.- Despite continuing threats from Islamic extremist groups and warnings from Muslim clerics and politicians in Turkey, preparations for Pope Benedict XVI’s first Papal trip to Turkey are continuing, Vatican officials said this week.
Vatican officials issued the confirmation after Turkey’s leading daily newspaper, Hurriyet, wrote that the Vatican was considering canceling the trip after a purported threat from al-Qaida aimed against the Pope and Muslims who meet with him.
According to The Associated Press, Msgr. Georges Marovitch, a Vatican embassy official, said he was not aware of the threat and that preparations were continuing as usual. The Pope is expected to arrive in Turkey Nov. 28 and depart Dec. 1.
His primary focus in planning the trip is a meeting with the Istanbul-based leader of the world's Orthodox Christians, Bartholomew I. The pope's planned visit coincides with the Christian feast day of St. Andrew on Nov. 30.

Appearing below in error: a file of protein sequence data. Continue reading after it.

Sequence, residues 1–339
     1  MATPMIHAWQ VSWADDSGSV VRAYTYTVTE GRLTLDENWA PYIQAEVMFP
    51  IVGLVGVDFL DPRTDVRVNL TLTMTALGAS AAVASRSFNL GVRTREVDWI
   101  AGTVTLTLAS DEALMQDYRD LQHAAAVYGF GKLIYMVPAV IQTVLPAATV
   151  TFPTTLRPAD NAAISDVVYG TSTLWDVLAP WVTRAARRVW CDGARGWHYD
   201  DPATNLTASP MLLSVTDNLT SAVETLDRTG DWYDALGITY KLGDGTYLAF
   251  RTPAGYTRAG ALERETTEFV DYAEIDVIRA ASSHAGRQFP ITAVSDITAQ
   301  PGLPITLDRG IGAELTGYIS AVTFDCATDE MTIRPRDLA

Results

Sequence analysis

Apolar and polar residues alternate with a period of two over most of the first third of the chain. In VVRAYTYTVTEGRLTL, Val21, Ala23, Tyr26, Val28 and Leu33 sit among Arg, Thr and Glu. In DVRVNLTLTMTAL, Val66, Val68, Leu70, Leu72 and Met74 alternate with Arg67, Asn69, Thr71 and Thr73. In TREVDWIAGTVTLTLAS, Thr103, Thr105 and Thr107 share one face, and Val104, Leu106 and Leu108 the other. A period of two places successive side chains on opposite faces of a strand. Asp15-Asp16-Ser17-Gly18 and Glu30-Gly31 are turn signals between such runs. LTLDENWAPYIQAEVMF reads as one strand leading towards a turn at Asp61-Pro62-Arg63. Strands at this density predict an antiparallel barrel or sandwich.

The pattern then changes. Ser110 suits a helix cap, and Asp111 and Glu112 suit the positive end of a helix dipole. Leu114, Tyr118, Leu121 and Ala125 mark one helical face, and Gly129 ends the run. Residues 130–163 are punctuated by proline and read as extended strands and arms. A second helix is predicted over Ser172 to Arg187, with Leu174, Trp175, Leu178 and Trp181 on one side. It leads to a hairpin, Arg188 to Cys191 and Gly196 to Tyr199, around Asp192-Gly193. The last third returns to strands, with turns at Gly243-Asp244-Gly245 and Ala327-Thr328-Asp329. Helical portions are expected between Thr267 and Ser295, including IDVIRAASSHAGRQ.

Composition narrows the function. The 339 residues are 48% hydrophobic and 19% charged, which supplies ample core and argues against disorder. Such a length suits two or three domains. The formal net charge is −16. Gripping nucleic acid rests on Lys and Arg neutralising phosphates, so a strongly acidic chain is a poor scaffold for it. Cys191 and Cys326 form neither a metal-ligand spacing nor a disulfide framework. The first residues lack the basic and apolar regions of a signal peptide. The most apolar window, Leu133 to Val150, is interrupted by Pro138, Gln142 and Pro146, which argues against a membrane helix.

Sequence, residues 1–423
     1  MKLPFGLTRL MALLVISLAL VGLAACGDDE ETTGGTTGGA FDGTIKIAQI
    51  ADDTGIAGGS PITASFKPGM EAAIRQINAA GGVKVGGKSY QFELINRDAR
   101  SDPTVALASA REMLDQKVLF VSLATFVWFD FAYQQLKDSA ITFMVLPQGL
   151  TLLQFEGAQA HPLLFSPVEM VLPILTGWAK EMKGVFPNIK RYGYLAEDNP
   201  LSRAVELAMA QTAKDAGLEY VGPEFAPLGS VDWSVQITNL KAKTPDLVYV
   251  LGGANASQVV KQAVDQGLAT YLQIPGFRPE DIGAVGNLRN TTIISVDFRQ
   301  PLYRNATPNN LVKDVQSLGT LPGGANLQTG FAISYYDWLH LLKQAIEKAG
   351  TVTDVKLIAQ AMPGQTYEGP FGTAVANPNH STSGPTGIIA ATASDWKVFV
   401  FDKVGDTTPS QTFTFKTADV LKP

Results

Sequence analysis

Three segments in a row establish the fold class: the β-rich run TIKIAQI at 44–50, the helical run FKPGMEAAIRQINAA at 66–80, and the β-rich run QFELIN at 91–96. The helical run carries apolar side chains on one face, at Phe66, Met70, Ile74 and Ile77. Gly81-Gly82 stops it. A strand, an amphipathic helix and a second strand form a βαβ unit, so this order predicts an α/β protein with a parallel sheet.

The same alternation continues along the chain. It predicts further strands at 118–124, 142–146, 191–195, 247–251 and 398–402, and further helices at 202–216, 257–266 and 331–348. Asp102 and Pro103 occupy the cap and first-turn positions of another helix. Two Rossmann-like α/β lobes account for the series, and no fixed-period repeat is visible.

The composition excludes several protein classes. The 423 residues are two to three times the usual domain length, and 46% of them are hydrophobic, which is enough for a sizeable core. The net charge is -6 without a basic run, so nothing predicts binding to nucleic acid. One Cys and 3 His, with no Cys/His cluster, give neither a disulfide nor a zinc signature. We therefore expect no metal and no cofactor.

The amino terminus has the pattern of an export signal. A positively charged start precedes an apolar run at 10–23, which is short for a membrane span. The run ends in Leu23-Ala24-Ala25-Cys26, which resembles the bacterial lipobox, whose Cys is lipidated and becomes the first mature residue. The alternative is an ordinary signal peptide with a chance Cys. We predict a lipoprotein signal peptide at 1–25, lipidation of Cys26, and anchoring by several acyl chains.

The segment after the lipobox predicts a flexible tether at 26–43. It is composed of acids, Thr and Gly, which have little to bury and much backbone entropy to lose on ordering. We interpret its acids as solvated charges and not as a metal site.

Teams of top Vatican officials reportedly went to Turkey recently to check on logistics.
The Pope's tentative schedule includes a meeting with the Turkish president in Ankara on Nov. 28, a visit to Ephesus, the site of an early Christian community, the following day, and a meeting with Bartholomew in Istanbul on Nov. 30. Benedict would leave Dec. 1 after mass with Istanbul’s Catholic community.
In a video last week, Osama bin Laden's deputy, Ayman al-Zawahri, reportedly compared Benedict with Pope Urban II, who in 1095 ordered the First Crusade to establish Christian control in the Holy Land.
On Wednesday, Turkish Prime Minister Tayyip Erdogan repeated his criticism of the Pontiff over a portion of a speech he made last month in Germany. The Pope quoted words of a medieval emperor which were deemed offensive by many Muslims.
"The Pope is both a political and religious figure. But this person spoke in a way that is unfitting even for us politicians," Erdogan told an economic conference in Istanbul yesterday, according to Reuters.
Following a Turkish plane hijacking yesterday, which was thought initially to be in protest to the Pope’s trip, Vatican spokesman Federico Lombardi reaffirmed, "There is no reason to cancel the trip."